When my life started to spiral out of my control in 1996, I didn’t know the cause. All I knew was that everything I did, every bit of self-control and discipline I exerted made no difference. My close relationship with my family was disintegrating, I was seeing my friends less and less, and work was something I frequently dreaded to go to. I often felt tired or restless for days on end. And then there were the odd periods when I would disappear for a few days. Definitely not normal.
I knew things weren’t normal, but strongly resisted going to see a psychiatrist. After all, I wasn’t crazy or mentally ill. It was just that I was having a difficult time with the amount of work I was doing, or I had just finished a project and I was tired, or I needed some time alone away from people, or…well there was always a reasonable excuse.
But one day, after a period in which everything had gone horribly wrong, I looked at myself and realised how far I had drifted from the image I held of myself. My own image was of a relatively quiet, intelligent, creative person who had a reputation for being reliable and responsible. In reality, I actually was a somewhat irresponsible, occasionally lazy person who could finish no long term task. Who was fun to be with, but was always late, missed appointments or parties without notice and couldn’t remember anything. And unreliable.
That was not who I had intended to be or wanted to be. I was horrified enough to start seeing a therapist recommended by a friend soon after that. I found that therapy was useful in its own way for helping me sort out existing problems. But it didn’t stop the continuous mood shifts I was having at all and the problems they were creating. Finally, after one holiday during which I nearly lost two of my best friends because I was incapable of even the barest of social niceties, I asked my therapist to refer me to someone who could prescribe medication for depression.
The psychologist ran me through some tests (very basic, I thought), pronounced me “Bipolar Type II, possibly Cyclothymic,” and gave me a prescription for Tegretol (carbamazepine).
The diagnosis was a mixed blessing. On one hand it was a relief to know there was something recognisably wrong with me. I could be treated. I could get better. On the other hand, I was mentally ill. In the same category as the people you see in the movies, moaning, and acting crazy. It was not something I wanted to be associated with.
I started researching what being Bipolar was about. Although I came up with many excellent resources on the net, I was left unsatisfied. There were descriptions on how to determine if I was bipolar, descriptions of the medications I was taking, and suggestions on what I could do to cope with being bipolar and get on with my life. However, I came across very little on what living a bipolar life would be like.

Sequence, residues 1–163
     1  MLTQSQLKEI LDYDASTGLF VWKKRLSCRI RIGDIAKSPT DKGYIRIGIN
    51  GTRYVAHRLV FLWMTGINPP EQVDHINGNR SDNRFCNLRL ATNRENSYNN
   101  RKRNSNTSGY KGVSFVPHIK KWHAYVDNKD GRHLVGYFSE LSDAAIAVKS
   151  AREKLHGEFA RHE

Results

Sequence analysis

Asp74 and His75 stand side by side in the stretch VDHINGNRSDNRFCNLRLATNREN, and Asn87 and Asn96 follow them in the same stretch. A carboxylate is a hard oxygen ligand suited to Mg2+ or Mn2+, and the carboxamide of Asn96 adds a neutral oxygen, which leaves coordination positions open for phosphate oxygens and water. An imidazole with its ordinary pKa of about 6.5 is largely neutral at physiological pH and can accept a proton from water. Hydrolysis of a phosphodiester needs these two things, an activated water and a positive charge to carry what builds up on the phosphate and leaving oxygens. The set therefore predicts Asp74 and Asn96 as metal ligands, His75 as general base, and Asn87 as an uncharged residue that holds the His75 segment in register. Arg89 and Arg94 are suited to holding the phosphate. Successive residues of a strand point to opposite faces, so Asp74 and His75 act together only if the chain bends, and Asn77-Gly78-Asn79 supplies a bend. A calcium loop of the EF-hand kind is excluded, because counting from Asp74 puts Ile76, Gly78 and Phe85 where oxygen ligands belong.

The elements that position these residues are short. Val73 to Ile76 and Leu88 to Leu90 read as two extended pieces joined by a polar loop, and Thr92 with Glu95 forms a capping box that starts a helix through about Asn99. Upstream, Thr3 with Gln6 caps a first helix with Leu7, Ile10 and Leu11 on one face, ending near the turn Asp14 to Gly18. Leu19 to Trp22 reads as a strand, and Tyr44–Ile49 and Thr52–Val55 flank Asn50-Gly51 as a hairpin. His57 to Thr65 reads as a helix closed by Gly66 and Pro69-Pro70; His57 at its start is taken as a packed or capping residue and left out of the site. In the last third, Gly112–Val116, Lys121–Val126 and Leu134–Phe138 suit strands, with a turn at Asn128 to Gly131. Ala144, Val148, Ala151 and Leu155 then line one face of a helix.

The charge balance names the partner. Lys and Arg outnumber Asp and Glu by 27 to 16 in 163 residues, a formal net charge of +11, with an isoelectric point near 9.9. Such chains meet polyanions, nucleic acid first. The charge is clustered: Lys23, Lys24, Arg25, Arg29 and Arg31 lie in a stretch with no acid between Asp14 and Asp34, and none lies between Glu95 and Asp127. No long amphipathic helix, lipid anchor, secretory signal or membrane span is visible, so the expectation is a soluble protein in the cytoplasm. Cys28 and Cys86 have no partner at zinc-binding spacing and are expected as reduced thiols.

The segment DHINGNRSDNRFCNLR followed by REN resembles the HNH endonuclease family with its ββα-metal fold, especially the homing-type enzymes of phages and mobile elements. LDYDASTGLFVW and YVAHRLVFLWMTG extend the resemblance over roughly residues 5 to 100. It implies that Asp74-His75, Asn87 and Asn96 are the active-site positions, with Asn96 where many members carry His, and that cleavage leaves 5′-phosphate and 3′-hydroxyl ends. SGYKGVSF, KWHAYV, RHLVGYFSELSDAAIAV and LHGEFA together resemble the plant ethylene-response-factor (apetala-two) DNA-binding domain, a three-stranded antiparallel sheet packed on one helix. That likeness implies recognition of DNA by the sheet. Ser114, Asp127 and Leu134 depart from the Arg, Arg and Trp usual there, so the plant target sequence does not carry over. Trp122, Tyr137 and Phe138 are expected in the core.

I wondered what happened to other people like me. Did they overreact emotionally to daily incidents in their lives. Did they have periods of mild mania that allowed them to be super-efficient and charismatic at work or play. Did they have depressions that prevented them from going to work. I wondered how other people coped with all this. What had others learned to counteract the effects of being bipolar. What tricks did they use to get around any limitations.
I found support groups on the net that were invaluable in helping me, but due to the inherent instability of my mood swings I was unable to remain with them. Mostly I have had to cope with this on my own. Friends and family have been very supportive, but they don’t live being bipolar.
I have muddled through, sometimes doing well and sometimes doing very badly indeed, but surviving and doing better than I was before. This site contains my experiences and some of the things I have learnt along the way.
If you are coming to grips with it all,
- You might see bits of yourself here
- You might say – “that sounds familiar”
- You will know that you are not alone
- You may find something or two you can use to help you along
I’ve built a rather large site. You can go back to the New to the Site page, or you can
- You can use the menus on the top right of the page where the information is ordered into neat categories.
- You can use the tag cloud on the right to look for specific words you might be interested in.
- You can use the search box on the left (but don’t look for ‘depression’ or ‘mania’ – you’ll get every page on the site).
Or some suggestions,
- If you were recently diagnosed and are looking for ideas, try this page on What you might do next.
- If you wish to read about my experiences, start with my bipolar diary.
Hope you find stuff that is helpful. Cheers.